Runtime Error: What It Is and How to Fix It

Get rid of those annoying errors to get your PC working again

Runtime Error message in Windows

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Runtime errors are problems that occur when attempting to launch a program or application on a PC. Sometimes they go away on their own, and sometimes you need to take direct action to sort them out.

Here we will cover what runtime errors are, what causes them, and how to fix them.

What Is a Runtime Error?

A runtime error is an issue that occurs when launching software. This is different from the kinds of errors you receive once a program is already running.

Usually, the runtime error will appear as a small window with an error code and details about the affected application. The prompt may also include a suggestion to contact a support team or IT administrator. You may notice some slowdown in your system prior to the error message appearing.

What Causes Runtime Errors?

Depending on the application, there are a number of reasons why a runtime error may occur. The software may have a bug that the programmers were aware of but were not able to fix. More general reasons include a lack of memory or other system resources the application requires to run properly.

How to Fix a Runtime Error

In some cases, fixing a runtime error will remedy problems impacting a number of Windows applications. In other cases, it will require a more application-specific solution. Here are a few troubleshooting tips you can try to fix runtime error issues.

  1. Restart Your PC

    An oldie but a goodie, restarting your system can often fix problems, and runtime errors are no exception.

  2. Close Other Applications

    It’s possible another application is interfering with the one you're trying to run, or it is using too many system resources without leaving enough for the program in question. Use Windows Task Manager to close any program you don't need running, then try opening the app again.

  3. Run the App in Safe Mode

    Safe mode is the most barebones Windows operating system you can run. It sometimes allows apps to run that otherwise would not be able to. Boot into Safe Mode, then try running the application again.

  4. Update the Program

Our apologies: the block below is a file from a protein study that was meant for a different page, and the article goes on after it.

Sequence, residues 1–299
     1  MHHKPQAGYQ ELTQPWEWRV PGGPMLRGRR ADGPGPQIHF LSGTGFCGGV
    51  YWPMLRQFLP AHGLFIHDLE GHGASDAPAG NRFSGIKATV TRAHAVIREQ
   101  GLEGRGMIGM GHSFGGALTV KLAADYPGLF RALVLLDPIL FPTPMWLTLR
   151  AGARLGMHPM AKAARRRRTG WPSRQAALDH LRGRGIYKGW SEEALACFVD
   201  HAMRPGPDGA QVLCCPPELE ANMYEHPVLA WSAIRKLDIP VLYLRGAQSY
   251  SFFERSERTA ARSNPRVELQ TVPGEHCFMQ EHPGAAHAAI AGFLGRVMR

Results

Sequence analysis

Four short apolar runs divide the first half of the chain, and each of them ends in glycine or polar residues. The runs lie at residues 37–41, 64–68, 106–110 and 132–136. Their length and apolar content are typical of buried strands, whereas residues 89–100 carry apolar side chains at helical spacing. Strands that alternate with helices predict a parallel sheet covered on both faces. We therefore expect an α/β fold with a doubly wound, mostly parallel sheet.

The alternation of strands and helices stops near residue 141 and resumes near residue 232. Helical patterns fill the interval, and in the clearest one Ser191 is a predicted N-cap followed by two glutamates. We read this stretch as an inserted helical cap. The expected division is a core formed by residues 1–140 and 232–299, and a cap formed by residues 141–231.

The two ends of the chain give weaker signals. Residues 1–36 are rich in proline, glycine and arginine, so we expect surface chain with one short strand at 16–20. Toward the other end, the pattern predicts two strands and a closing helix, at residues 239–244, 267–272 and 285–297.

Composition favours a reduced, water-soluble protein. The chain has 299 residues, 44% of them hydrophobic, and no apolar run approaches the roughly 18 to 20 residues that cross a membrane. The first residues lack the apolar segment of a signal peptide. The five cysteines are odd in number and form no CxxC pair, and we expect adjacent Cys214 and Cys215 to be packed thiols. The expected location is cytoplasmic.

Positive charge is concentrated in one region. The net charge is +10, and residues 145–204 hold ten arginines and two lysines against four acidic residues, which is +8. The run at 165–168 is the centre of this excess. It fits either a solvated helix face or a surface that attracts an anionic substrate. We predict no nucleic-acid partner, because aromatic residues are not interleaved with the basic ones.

The problem may be with a bug or error in the last release of the program you're trying to run. If you can, update it using a separate utility, or manually download the latest version using your browser to see if that fixes the issue.

  5. Reinstall the App

    It may be that your app has been corrupted and needs to be reinstalled. Save any important files from the app, then uninstall it using the Windows Add or Remove Programs tool, or one of these uninstaller apps.

  6. Update Your Drivers

    It may be that a Windows, motherboard, or graphics driver is interfering with your app and causing the runtime error. Make sure your system is fully up to date. Download the latest drivers from your system manufacturer's website, or use a free driver update tool.

  7. Scan for Malware

    It's not unheard of for malware and viruses to cause runtime errors with certain applications. It's never a bad idea to scan your system to make sure it's clean of any infections. Run a scan with your favorite antivirus software, or read up on how to clean your system from malware.

  8. Make Sure You Have Enough Memory and Storage

Sometimes applications need a little extra storage space or memory to run properly. Make sure your system has enough of each using the task manager. If you need to clear up some space on your PC, a disk analyzer tool can help.

If all else fails, look for users online facing similar problems. Forums and social networks like Reddit can be a valuable resource. You can also try contacting the support team to find a workaround for the runtime error.

Other Issues Like the Runtime Error

If you want to learn more about fixing problems with your Windows machine, there are some other errors worth learning about. There are No Internet Secured connection errors, 0x0000007B errors, Code 37 errors, Code 19 errors, and even problems that are purely associated with the Windows startup process.